Plummeting pound makes Iceland more expensive for Brits
The falling pound makes Iceland a more expensive place for Brits. Photo: Iceland Monitor/Styrmir Kári
Iceland is becoming an ever more expensive proposition for British tourists as the pound sterling (GBP) continues its sharp fall against the Icelandic króna.
The pound sterling has lost over 25% of its value against the Icelandic króna in just twelve months and further falls are expected in the near future.
According to the Central Bank of Iceland, £1 is now worth less than ISK 155, its lowest price since March 2009. Just one year ago, Brits could get ISK 206 for their pound.
While the cost of an Icelandic holiday rises for Brits, the flip side is that travelling to the UK is now considerably cheaper for Icelanders, as is importing goods and services from the UK. Icelandic exporters, however, now get less for the goods and services they sell to the UK.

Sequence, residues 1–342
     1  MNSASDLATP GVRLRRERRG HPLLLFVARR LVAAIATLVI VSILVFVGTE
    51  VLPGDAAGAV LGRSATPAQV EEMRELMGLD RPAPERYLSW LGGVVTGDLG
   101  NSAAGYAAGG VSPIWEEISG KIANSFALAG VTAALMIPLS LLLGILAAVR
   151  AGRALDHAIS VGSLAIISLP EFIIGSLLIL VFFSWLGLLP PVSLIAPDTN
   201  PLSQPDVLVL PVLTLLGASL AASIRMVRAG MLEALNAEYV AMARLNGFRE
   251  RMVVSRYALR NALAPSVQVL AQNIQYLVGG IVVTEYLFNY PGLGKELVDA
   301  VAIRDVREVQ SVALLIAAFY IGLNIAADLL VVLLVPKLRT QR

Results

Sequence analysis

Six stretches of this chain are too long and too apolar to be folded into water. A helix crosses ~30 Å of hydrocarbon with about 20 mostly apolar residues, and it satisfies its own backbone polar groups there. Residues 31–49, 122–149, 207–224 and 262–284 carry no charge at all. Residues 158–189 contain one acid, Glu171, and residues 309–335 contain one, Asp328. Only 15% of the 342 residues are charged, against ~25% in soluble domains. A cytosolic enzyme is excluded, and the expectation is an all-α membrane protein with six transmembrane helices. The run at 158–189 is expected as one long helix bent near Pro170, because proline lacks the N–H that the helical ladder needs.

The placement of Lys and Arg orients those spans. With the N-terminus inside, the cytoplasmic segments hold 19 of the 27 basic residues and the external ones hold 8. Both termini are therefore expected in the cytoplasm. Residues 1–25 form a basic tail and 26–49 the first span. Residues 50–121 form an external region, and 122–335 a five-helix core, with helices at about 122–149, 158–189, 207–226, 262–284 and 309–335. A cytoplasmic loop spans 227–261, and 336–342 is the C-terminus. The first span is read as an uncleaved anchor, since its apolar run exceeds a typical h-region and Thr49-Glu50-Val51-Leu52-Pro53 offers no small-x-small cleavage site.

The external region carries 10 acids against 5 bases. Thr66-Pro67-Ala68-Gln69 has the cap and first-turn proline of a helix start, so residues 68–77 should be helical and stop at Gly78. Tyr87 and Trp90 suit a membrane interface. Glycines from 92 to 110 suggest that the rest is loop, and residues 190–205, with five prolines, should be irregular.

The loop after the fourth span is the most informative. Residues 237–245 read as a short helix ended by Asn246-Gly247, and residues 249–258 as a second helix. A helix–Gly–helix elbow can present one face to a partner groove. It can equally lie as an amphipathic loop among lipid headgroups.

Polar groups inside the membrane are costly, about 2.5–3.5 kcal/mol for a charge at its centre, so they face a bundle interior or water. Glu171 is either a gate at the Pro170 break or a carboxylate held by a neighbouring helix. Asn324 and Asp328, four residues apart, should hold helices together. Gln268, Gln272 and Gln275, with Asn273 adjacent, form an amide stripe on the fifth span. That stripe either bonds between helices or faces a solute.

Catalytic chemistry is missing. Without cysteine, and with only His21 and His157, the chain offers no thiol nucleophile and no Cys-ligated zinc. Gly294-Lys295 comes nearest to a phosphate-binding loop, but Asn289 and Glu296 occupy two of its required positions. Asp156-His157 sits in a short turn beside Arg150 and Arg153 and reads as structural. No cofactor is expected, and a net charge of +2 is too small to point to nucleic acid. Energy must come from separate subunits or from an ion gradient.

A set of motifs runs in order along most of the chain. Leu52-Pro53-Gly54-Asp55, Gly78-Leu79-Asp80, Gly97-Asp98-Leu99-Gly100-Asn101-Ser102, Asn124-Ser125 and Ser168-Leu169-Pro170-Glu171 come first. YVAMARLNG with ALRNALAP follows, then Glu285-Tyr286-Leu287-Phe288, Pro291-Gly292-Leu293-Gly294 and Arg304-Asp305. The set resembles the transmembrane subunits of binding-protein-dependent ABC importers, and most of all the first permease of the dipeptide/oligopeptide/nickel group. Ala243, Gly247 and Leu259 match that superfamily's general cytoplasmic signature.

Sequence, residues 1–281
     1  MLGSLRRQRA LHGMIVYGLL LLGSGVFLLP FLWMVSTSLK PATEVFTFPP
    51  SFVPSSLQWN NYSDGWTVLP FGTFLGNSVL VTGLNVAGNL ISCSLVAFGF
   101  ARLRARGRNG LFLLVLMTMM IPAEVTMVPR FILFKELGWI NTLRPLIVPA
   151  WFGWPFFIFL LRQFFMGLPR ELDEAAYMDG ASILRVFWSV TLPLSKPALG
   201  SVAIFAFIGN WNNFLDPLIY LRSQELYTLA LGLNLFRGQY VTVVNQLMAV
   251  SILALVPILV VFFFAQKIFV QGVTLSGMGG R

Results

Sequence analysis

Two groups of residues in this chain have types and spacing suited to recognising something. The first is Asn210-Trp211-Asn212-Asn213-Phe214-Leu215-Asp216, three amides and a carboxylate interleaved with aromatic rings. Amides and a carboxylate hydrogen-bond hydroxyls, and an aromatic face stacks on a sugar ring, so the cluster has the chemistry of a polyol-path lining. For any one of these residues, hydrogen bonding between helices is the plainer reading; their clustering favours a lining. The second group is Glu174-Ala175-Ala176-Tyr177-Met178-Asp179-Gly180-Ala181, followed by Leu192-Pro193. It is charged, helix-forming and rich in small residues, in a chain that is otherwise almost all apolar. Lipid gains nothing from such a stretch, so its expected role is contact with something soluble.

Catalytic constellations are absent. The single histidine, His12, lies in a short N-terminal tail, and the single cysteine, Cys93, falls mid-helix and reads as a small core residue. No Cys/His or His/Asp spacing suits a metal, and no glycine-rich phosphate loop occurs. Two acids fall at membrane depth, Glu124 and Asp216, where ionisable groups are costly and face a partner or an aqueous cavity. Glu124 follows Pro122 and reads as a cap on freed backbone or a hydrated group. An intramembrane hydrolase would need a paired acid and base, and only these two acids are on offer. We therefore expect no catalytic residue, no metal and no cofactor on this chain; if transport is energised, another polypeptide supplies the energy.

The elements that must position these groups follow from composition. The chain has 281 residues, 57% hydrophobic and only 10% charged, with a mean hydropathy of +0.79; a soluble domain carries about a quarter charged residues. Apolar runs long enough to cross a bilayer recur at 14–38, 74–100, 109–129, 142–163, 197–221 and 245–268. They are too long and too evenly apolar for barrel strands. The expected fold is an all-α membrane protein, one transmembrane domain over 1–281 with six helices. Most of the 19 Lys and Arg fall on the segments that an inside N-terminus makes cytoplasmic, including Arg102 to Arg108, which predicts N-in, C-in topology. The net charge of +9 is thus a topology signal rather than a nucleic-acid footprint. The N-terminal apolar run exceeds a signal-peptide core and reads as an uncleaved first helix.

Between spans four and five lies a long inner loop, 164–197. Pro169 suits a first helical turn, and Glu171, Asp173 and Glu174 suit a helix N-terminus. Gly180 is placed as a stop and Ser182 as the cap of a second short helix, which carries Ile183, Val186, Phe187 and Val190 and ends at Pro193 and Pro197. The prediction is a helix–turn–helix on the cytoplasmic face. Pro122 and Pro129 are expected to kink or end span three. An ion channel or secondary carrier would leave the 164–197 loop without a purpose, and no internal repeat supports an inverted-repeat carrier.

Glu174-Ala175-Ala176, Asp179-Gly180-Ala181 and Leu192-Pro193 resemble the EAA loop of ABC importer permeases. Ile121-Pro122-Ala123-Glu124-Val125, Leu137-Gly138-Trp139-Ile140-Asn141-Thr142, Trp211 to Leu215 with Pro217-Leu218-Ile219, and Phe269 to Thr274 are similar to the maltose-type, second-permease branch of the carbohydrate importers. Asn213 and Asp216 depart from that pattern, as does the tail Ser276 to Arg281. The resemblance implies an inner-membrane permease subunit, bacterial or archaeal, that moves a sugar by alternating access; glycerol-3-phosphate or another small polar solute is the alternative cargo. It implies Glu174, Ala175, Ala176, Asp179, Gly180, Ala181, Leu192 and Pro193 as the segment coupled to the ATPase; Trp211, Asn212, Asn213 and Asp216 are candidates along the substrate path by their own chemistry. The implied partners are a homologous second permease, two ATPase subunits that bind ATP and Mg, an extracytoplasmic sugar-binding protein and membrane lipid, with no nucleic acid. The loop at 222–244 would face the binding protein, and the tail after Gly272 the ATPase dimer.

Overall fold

The exchange rate for the GBP fell sharply this summer following the result of the ‘Brexit’ referendum, in which 52% of voters expressed their wish for the UK to leave the European Union (EU).
The referendum result is a blow for the British economy and a worrying development for Icelandic tourism, says Ingólfur Bender, analyst at Icelandic bank Íslandsbanki.
“This is maybe the first major test case since tourism became so important in Iceland of the effect exchange-rate fluctuations can have on the economy,” Bender explains.
“The consequences remain to be seen, but it is clear that the fall will affect how much Brits spend in Iceland and how many come.” The Brits are currently one of the biggest and fastest growing national groups of tourists visiting Iceland.
“The UK is one of the main drivers of growth in Icelandic tourism, so this is worrying,” warns Bender.